“Very soon it’s going to be a fact that in Copenhagen we ski on the roofs of our power plants,” Bjarke Ingels, founder of the Danish architecture practice Bjarke Ingels Group (BIG), stated a couple of months prior to the completion of his firm’s Copenhill. Now, Copenhill, a new waste-to-energy power plant, has officially opened its doors after eight years (delays were primarily caused by safety approvals to occupy the roof). Beyond its hyped rooftop ski slope, the building also houses ski lifts, a ski rental shop, hiking trails, a cafe, and the tallest artificial climbing wall in the world. Copenhill, or Amager Bakke in Danish, ironically refers to the lack of hills in the southeastern Amager area of Copenhagen, a flatness that becomes apparent when one stands on the top of the 90-foot-tall “mega-brick” metal-clad building. “We do not have mountains, but we do have mountains of trash,” Ingels said. Turning away from the panoramic city views, one sees the 1,300-foot-long artificial ski slope designed in collaboration with Colorado’s International Alpine Design, the creators of many larger ski resorts around the world. The five shades of green of the ski slope surface membrane peek out from clean steam released from the nearby smaller chimneys. The gradient of green colors has been chosen to emphasize the sustainable agenda. The slope mimics—in a cartoon-like manner—a naturalistic terrain. However, the professional skiers testing it disappear within seconds, which makes the excitement of watching the skiers fade quickly. A park, designed in collaboration with the Danish landscape practice SLA, runs along both sides of the ski track. The park was planned as a manicured Nordic wilderness with the ambition of attracting natural wildlife to the building. The metal facade, which will feature crawling plants, has setbacks for birds and other animals to inhabit. While the sustainable agenda informed details like the choice of plants, it can be questioned why the same consideration has not been given to the actual building materials. The choice of nonsustainable materials such as concrete, glass, steel, and aluminum is in many ways contradictory to the ideology of the building itself. On the underside of Copenhill is Amager Resource Centre (ARC), billed as the world’s cleanest power plant. It provides 30,000 homes with electricity and 72,000 homes with heating across five municipalities, including Copenhagen. The heaviness of the technology that goes into a building like a power plant becomes very apparent when the glass elevator takes you from the ground floor up to the ski slope. An impressive interior landscape of monochrome silver-painted machines extends as far as the eye can see, and as Ingels explained, “the only design decision BIG was able to make on the inside of the power plant was to decide the color of the machinery—if it was of no extra cost.” The building in its entirety has so far cost 4 billion Danish kroner ($670 million USD) and is one of the most expensive construction projects in the recent history of Copenhagen. It is a high cost for a building that is supposed to be obsolete in the near future—plans are being drawn for a recycling system to take over all waste management. The building—with the merging of interior industry and exterior recreative space—is what Ingels describes as hedonistic architecture. Copenhill should, in his eyes, be viewed as a landmark of an ambition to use clean tech to create a better environment, quality of life, and awareness of habits of consumption. The initial ambition was to have the 410-foot chimney discharge a smoke ring made from water vapor every time one ton of carbon dioxide was released into the atmosphere. There are no rings, but at least the exhaust is cleaned as much as possible before being unleashed above the city. As a contradictory landmark—the overall agenda is to have fun while increasing awareness of consumption—the building is officially part of the ambitious goal of making Copenhagen the world’s first carbon-neutral capital by 2025. Christine Bjerke is a Copenhagen-based architect and writer and teaches at The Royal Danish Academy of Fine Arts Schools of Architecture, Design and Conservation.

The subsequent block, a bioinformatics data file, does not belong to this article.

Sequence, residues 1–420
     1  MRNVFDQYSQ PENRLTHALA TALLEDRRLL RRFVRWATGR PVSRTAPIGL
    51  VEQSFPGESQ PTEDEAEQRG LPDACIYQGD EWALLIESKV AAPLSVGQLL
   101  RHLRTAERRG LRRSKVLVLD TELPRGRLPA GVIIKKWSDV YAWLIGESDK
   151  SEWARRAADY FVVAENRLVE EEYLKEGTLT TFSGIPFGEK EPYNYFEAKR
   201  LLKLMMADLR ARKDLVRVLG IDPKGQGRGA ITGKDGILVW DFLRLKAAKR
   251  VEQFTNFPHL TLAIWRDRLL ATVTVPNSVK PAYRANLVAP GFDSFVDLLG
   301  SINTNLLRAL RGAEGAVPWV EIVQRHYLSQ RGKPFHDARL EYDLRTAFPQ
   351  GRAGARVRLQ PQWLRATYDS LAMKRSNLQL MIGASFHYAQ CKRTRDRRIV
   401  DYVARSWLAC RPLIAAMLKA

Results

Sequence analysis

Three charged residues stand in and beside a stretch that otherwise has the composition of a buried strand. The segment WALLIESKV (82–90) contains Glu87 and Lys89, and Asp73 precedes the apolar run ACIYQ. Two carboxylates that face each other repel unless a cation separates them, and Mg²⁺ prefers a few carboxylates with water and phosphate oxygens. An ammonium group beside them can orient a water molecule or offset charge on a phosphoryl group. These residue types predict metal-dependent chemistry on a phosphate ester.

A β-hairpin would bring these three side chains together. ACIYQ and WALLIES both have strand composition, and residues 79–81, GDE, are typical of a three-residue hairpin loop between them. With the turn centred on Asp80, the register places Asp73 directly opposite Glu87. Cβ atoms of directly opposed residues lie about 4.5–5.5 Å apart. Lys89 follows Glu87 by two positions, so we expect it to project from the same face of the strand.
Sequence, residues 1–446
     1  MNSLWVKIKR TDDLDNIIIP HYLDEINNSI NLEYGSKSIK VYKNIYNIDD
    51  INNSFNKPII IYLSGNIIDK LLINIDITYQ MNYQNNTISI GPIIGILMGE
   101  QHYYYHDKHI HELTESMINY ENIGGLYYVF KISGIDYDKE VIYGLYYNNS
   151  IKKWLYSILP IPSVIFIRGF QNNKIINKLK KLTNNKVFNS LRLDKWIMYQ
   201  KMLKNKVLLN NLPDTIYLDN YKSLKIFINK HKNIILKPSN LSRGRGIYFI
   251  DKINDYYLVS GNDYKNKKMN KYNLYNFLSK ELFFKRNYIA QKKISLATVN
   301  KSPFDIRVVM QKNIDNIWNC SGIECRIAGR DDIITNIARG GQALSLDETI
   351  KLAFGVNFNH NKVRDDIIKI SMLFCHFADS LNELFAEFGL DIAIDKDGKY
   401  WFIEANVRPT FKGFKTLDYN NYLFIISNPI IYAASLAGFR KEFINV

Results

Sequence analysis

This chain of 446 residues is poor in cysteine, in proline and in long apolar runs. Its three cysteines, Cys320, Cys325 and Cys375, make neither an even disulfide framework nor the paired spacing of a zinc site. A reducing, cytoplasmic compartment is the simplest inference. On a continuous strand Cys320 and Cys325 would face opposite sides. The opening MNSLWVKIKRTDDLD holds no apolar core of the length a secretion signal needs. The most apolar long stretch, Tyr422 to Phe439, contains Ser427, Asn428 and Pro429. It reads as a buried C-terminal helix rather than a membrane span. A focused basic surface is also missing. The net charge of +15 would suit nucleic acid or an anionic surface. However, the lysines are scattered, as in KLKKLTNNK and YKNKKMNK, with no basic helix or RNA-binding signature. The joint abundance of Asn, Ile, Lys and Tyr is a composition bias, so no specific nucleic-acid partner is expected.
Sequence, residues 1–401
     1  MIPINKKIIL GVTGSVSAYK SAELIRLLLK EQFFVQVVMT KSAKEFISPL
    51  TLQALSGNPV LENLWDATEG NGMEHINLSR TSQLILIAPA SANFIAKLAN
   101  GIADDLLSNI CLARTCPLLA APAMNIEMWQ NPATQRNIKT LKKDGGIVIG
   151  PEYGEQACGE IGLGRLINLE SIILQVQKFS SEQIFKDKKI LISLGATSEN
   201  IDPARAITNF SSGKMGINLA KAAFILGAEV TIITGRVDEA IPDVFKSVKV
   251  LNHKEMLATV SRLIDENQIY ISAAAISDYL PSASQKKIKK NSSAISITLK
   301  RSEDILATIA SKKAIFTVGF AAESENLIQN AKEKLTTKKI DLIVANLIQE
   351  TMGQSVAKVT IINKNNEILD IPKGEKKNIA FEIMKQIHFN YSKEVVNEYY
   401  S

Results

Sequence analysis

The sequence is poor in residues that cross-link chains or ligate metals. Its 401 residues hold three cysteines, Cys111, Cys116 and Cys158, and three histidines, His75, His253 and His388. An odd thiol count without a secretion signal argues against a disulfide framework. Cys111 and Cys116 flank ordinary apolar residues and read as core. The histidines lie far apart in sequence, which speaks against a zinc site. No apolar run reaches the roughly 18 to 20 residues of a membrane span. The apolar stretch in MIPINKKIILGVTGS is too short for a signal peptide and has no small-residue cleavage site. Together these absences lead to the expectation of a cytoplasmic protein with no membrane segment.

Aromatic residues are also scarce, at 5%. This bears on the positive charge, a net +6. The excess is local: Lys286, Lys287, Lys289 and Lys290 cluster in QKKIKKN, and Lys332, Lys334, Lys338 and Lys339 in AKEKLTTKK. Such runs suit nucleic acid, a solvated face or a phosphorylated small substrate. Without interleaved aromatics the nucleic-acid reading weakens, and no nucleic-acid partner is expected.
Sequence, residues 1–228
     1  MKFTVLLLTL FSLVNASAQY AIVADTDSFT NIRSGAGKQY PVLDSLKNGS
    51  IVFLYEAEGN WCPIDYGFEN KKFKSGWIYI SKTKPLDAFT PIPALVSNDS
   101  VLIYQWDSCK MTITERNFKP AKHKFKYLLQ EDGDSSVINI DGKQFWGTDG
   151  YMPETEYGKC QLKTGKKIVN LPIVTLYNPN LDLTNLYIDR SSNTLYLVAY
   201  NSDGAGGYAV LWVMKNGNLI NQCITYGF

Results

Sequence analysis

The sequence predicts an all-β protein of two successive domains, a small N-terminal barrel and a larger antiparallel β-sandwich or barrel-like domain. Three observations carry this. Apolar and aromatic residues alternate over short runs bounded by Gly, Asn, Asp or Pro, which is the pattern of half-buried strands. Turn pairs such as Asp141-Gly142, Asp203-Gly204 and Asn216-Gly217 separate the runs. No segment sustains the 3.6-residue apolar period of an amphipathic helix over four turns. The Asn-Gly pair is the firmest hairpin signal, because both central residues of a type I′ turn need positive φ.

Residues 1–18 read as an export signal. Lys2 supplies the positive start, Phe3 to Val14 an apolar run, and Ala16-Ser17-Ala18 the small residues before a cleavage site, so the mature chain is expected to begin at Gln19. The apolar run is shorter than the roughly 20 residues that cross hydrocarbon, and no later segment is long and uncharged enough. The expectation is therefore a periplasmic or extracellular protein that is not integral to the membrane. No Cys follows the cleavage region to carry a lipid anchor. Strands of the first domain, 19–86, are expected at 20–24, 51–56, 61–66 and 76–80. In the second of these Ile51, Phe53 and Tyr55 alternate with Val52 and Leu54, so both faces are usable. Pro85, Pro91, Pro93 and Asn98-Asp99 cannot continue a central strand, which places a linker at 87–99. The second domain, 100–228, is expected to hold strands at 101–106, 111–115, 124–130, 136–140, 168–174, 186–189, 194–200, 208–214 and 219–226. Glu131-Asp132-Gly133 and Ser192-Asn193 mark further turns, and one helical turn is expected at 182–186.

Posts tagged with "Ski Slope":